It is not necessarily true that daycare is not a good situation for kids.  Like anything there are pro's and cons, and familes must choose what is best for them.  I don't feel one bit guilty about my son attending daycare.  He is happy there, and happy the day's he is home with me.  It's a good situation.  Much depends on the daycare, and it's important to find one that is a good fit for the child and their specific needs.

As for keeping a small child quiet while others are sleeping?  I agree, not possible.  Not mine anyway.  He, like many other children his age would never just sit quietly no matter what was tried.  And some days' he needs/wants the nap, other days he does not.  I like that my daycare lets him take the lead and does not ever force the issue.  
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757137_tn?1347200053
I can see where daycare might be a good situation for an only child - depending on the temperament of that child. I had my first two a little over a year apart, so there never was an only child in a sense. I also was a working mother and found that bringing someone into the home to take care of the two was better than sending them someplace I could not control. Also they had each other to play with. Obviously my situation was different from yours and, as your choice suited you, mine suited me.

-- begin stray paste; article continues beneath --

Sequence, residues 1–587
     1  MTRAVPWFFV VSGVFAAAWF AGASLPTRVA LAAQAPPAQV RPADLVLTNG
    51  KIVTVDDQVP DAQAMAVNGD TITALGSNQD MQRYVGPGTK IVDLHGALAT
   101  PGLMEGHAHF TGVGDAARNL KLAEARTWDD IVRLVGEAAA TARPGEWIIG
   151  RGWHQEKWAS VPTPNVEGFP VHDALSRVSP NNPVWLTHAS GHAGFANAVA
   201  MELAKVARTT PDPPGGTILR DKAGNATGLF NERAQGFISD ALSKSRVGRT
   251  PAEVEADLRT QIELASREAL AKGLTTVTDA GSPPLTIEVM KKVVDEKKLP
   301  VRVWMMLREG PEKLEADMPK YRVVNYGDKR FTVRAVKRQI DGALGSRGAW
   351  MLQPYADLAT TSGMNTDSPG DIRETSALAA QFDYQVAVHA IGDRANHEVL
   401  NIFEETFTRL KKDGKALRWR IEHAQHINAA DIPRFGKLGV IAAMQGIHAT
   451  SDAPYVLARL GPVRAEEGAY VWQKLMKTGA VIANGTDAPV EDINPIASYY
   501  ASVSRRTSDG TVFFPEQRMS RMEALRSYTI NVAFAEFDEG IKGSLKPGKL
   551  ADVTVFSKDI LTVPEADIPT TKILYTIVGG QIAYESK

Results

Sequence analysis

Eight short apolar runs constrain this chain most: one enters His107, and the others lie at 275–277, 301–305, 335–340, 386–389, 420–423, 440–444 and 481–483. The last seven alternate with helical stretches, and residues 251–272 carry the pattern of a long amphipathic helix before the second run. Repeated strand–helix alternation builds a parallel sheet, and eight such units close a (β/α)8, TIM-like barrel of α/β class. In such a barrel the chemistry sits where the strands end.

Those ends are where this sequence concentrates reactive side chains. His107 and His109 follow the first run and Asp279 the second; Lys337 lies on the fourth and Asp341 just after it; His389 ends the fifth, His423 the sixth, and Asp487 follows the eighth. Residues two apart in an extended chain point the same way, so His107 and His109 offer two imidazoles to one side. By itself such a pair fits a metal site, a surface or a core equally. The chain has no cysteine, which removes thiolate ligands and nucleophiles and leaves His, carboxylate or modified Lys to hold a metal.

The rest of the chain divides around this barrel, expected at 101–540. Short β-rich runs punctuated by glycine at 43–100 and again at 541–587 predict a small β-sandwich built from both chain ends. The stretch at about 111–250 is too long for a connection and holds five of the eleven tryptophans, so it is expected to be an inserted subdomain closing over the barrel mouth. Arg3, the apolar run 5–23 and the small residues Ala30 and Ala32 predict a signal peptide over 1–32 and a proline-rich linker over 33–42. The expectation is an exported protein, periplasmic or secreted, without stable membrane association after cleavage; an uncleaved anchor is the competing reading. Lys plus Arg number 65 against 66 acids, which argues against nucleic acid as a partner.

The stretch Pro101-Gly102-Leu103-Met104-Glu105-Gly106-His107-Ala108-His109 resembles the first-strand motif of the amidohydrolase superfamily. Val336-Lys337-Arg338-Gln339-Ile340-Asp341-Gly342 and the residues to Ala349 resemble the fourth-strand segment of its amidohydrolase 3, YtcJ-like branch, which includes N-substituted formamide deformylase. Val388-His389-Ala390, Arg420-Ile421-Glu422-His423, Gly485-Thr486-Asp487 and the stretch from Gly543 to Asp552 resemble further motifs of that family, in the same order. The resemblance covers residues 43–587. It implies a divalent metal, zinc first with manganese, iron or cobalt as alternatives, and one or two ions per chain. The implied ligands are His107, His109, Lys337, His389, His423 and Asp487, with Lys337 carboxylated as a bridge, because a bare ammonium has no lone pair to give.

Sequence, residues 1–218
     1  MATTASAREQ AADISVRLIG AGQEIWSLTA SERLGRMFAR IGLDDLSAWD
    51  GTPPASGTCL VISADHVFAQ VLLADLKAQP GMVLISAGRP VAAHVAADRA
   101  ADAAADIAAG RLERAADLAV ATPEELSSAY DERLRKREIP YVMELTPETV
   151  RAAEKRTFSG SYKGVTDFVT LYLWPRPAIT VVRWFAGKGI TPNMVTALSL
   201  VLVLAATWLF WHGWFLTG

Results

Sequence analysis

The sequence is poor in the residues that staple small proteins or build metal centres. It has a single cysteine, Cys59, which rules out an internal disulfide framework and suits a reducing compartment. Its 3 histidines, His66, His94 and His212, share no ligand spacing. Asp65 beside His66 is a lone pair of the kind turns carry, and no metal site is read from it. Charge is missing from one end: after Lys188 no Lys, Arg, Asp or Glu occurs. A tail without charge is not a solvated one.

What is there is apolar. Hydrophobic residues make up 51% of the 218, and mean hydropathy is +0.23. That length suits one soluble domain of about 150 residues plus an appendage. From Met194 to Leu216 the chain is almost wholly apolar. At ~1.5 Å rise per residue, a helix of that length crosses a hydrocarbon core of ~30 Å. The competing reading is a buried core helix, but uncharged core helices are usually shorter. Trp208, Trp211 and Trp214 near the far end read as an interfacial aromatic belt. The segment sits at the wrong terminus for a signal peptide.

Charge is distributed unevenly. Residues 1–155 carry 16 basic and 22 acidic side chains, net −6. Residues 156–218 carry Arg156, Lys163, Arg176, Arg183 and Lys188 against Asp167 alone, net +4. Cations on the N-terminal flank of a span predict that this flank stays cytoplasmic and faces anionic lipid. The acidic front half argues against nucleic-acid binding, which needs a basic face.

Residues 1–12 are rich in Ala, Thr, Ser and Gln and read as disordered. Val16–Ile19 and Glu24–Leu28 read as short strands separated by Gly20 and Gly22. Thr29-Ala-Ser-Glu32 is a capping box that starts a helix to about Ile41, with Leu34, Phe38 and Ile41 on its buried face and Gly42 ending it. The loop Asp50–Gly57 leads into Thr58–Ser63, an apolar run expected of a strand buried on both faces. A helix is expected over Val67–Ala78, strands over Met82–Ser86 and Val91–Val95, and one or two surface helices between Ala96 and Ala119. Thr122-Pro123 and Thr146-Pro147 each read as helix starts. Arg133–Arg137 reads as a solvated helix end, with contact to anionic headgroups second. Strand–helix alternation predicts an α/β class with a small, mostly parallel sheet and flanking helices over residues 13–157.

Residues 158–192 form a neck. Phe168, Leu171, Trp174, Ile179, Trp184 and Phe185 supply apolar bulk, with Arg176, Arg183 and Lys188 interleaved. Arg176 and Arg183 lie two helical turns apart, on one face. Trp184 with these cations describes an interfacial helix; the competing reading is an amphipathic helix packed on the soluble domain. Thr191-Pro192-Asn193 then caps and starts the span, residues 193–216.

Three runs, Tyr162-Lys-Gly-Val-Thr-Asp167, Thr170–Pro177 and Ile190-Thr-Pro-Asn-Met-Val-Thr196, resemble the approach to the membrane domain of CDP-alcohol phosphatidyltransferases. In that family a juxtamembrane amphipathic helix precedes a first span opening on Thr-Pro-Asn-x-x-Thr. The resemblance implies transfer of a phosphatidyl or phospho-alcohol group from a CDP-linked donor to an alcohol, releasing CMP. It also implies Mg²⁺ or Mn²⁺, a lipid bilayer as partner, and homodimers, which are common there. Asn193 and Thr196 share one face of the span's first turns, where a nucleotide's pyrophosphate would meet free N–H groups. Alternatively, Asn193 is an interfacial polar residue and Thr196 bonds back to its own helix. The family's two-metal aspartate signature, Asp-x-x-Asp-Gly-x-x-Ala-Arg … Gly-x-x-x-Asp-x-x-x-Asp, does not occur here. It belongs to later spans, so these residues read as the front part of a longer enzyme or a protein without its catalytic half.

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689528_tn?1364139441
I worked at a daycare and we never called it nap time. It was quiet time. Each child had a cot that were their own with a blanket. The time slot was 2 hours and most of the older children would not sleep. Some would and it was fine but a lot of them knew how to keep quiet. There were some defiant ones that wouldn't be quiet enough for the sleeping children to rest. So they were removed and sent to another room. Sometimes we would turn on a movie and leave it on low so they could watch that. Or they could colour or look at books. It all depended on how many children stayed up and how much longer was left of quiet time.